Tuesday, November 30, 2010

Getting Hemingway's Bed

He did sleep. Between hunting big game and fishing for swordfish and fighting in the First World War, the Spanish Civil War, WWII,  bullfighting and boxing and writing brilliant novels and winning Pulitzers and Nobel prizes and going through four wives and three homes and doing just about everything a writer can do to make a name of himself and still be taken seriously, after all that he did sleep. In a bed. I had walked past the room he had been born in a hundred times on my way to the attic. That room still held me in awe, but the more terrestrial part of his life, the one of waking up in a bed like anyone else intrigued me. That's why I said I would get his bed.

The Hemingway Foundation needed someone to drive up to Petsosky Michigan to get his boyhood bed. I voluteered. Why not? Petosky figured into many Hemingway stories and I wanted to see the cottage so central to his earlier stories. But more it seemed like I could get a little closer to the man. A bed is fairly personal and I thought bringing the bed back with me would give me more insight into the writer, the man, and might just be a great adventure. Of course it was during January and the biggest snow of the year. But who cares. Hemingway wouldn't have batted an eye.

So I headed up in my Ford for Petosky to the home of his great nephew who had the bed in a  storage shed. The trip up was long and lonely and snowy. But I hummed on the adrenalin of my mission. It was right in there with driving to New York to stomp around and look for agents. It ranked up there with getting my first novel published by a man who had never pulblished anything. It ranked right up there with deciding to write fiction when everyone I knew was taking a real job. It certainly ranked up there with the day I went up to his attic.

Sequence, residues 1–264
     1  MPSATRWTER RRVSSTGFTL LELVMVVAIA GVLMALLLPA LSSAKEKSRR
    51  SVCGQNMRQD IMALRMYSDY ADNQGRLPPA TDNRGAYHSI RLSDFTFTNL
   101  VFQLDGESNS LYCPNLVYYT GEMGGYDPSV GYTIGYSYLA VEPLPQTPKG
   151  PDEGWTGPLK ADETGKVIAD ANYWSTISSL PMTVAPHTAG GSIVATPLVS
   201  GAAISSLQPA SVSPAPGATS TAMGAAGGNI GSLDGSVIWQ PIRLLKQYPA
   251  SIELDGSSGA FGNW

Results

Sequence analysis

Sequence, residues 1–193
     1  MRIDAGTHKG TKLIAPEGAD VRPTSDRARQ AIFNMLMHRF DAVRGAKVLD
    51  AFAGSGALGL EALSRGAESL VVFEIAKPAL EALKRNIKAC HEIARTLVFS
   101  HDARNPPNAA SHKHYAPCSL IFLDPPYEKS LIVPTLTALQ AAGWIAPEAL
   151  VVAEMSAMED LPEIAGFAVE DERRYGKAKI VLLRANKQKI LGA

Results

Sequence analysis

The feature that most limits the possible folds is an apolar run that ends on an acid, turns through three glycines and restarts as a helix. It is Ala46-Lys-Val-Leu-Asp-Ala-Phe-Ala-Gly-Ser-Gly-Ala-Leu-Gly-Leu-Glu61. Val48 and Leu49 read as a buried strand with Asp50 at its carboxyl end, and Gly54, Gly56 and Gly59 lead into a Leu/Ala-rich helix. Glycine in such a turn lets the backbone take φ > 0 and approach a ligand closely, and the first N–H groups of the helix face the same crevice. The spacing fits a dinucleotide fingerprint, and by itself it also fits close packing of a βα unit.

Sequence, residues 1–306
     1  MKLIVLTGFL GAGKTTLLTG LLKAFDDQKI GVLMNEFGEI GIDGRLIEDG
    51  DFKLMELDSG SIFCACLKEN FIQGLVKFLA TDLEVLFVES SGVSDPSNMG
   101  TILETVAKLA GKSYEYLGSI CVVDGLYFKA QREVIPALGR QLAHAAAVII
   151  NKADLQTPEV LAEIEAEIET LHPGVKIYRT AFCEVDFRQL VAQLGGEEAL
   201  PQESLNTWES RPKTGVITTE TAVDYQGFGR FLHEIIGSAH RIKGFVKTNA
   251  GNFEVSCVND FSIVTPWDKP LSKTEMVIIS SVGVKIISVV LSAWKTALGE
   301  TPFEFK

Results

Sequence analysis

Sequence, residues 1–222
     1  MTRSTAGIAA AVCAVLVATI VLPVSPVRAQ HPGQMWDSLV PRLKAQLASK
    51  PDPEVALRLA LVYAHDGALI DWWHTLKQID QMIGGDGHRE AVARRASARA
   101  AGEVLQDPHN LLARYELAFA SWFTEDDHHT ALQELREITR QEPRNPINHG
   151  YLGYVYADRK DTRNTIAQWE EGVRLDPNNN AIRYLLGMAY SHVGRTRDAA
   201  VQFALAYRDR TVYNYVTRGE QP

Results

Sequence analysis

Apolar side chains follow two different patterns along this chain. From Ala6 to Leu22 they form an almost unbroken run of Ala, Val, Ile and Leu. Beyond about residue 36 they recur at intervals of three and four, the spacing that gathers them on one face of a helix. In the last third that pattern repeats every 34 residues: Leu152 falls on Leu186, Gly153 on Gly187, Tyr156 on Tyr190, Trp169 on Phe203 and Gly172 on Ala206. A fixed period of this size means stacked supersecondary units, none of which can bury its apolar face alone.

So I met his nephew. Jim. He was a nice man with a contagious smile. We made small talk and then he showed me the storage shed that contained the bed. We dug out the bed from under a bunch of junk. The springs were rusted and the white paint had flaked off. But it was his bed, his nephew assured me with a chuckle. One of the spindles fell off and I put it in my pocket as we loaded the bed in my Explorer. The great nephew bid me farewell and I headed back for Oak Park.

Writers like to embellish. If you were Hemingway you embellished like a God. But I really did run into a blizzard. The Midwest was hit with the worst snow storm in twenty years. The highway literally disappeared. I crept along with my strange cargo until I was forced off into a parking lot where a lone bar light burned through the whiteout conditions. I left my car and went into the bar to find other stranded travelers. Suddenly we became a club and we passed the night drinking and telling out stories. I said I was a writer and that I was bringing Ernest Hemingway's bed back from Petosky. People politely nodded and smiled and moved away.

The storm lifted and I got back on the road at dawn. I drove into Oak Park late in the afternoon and unloaded the bed in the Hemingway house where the Foundation repainted it and put a new mattress on and made it up like Ernest had just slept there. I'd like to say I glimmered something about the man from his bed or that my quest to bring the bed back gave me an idea of what he had gone through in some of his adventurers. But in the end it turned out to be just some rusted old steel springs and peeling wood that I brought back from a storage shed in the middle of nowhere. In that way, it was very Hemingway.

Rocket Man will be out in January

Books by William Hazelgrove